Several Liths and a Limax: a trip to the Monts de Guéret.
We’re rather fond of the Monts de Guéret, a very hilly (with an average altitude of 686m) area of chaotic granite close to the principal town of Creuse, and so we took Jackie, who’s visiting, for a look. The Monts rise up just behind Ruadhri’s lycée, which is situated in a very picturesque spot next to the Étang de Courtilles, a manmade 22-hectare lake with a circumference of 3km.
The Monts are dotted with monoliths/megaliths. There is overlap between these two liths. A monolith is a single massive stone or rock, and a megalith is a large stone or rock that has been used in a construction, although this construction may consist of just the one item. Megalith therefore has overtones of culture and human history – of meaning and significance being granted to a natural feature. Thus several of the huge granite boulders in the Monts have names and legends associated with them.
We visited two such megaliths: la Pierre Casse-Noisette and la Pierre Chabranle. These, and the other megaliths in the area (which include les Rochers de la Tribune, la Pierre du Loup and la Pierre de Grosle), became listed natural monuments on 25 January 1929.
A casse-noisette is a nutcracker, but try as we might none of us could see any resemblance between such an item and the large boulder surrounded by smaller ones that make up the site of the Pierre Casse-Noisette. It’s an impressive rock nonetheless. I haven’t been able to dig up any history about it online. Needless to say looking up Casse-Noisette on the internet presents you will zillions of hits relating to the Nutcracker ballet.
Fortunately I can tell you a bit more about la Pierre Chabranle. This stone gets its name from the fact that it rocks. Forgive the pun. It’s wobbly, and ‘branlant’ in French means precisely that. Using a good strong branch you can get the huge stone rocking after a few short pushes. It’s fascinating to see, and very gratifying! It’s thought that druids made judgements and decisions by interpreting the movements of this rock as they saw fit.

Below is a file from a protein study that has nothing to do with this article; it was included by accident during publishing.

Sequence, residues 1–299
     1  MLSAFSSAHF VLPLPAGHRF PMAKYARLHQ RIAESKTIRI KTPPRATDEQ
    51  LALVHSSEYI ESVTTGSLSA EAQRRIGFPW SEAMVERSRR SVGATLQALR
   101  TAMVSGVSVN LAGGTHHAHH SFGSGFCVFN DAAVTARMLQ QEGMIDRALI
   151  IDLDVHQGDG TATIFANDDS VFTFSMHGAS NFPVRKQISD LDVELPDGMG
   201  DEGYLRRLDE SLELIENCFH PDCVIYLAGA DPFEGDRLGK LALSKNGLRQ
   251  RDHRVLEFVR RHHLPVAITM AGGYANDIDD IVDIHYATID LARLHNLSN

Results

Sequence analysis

The megaliths are the result of erosion. The granite of the area was laid down during the Paleozoic era and has been subject to erosion ever since. Softer surrounding or covering rock has been eroded to nothingness, leaving behind these large, resistant lumps of granite to astonish us.
There’s one final –lith we need to know about, with an ‘ic’ on the end: Neolithic. This period of prehistory is so named as it’s associated with construction in and using stone. This stage of human development began around 10,200 BC and continued for six centuries or so. Our two stones most likely gained their mystic associations during that period.
There was another interesting discovery awaiting us. Rors spotted this huge slug. It’s a limax cinereoniger slug, the largest to be found in France. As you can see using Benj’s hand as scale, it’s certainly long!
Our educational trip to the Monts was rounded off with a walk along the short ‘sentier de découverte’ – Discovery Trail – that’s specifically designed for children with puzzles and notices along the way. It’s a pleasant little walk, and was made all the more interesting when Rors spotted a patch of sphagnum moss amidst the trees and rocks.
And then he spotted a small grenouille rousse (brown frog) amongst the grass and dried holly leaves on the ground.
So once again we had another thoroughly enjoyable outing to this beautiful part of Creuse.
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